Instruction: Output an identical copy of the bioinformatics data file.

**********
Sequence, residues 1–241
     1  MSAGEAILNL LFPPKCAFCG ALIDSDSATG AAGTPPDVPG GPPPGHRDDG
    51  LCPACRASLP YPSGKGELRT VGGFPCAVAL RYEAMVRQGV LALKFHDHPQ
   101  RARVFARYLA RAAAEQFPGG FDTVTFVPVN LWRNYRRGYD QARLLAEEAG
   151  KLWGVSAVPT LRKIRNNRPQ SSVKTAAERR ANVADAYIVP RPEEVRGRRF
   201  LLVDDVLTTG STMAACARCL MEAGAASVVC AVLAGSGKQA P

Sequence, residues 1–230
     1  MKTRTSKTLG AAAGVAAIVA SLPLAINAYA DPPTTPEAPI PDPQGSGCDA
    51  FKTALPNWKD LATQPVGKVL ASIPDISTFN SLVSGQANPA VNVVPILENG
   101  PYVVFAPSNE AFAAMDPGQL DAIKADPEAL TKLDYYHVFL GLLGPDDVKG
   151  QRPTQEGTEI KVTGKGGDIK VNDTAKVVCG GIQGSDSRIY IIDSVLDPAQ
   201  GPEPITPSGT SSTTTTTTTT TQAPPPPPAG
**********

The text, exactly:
Sequence, residues 1–241
     1  MSAGEAILNL LFPPKCAFCG ALIDSDSATG AAGTPPDVPG GPPPGHRDDG
    51  LCPACRASLP YPSGKGELRT VGGFPCAVAL RYEAMVRQGV LALKFHDHPQ
   101  RARVFARYLA RAAAEQFPGG FDTVTFVPVN LWRNYRRGYD QARLLAEEAG
   151  KLWGVSAVPT LRKIRNNRPQ SSVKTAAERR ANVADAYIVP RPEEVRGRRF
   201  LLVDDVLTTG STMAACARCL MEAGAASVVC AVLAGSGKQA P

Sequence, residues 1–230
     1  MKTRTSKTLG AAAGVAAIVA SLPLAINAYA DPPTTPEAPI PDPQGSGCDA
    51  FKTALPNWKD LATQPVGKVL ASIPDISTFN SLVSGQANPA VNVVPILENG
   101  PYVVFAPSNE AFAAMDPGQL DAIKADPEAL TKLDYYHVFL GLLGPDDVKG
   151  QRPTQEGTEI KVTGKGGDIK VNDTAKVVCG GIQGSDSRIY IIDSVLDPAQ
   201  GPEPITPSGT SSTTTTTTTT TQAPPPPPAG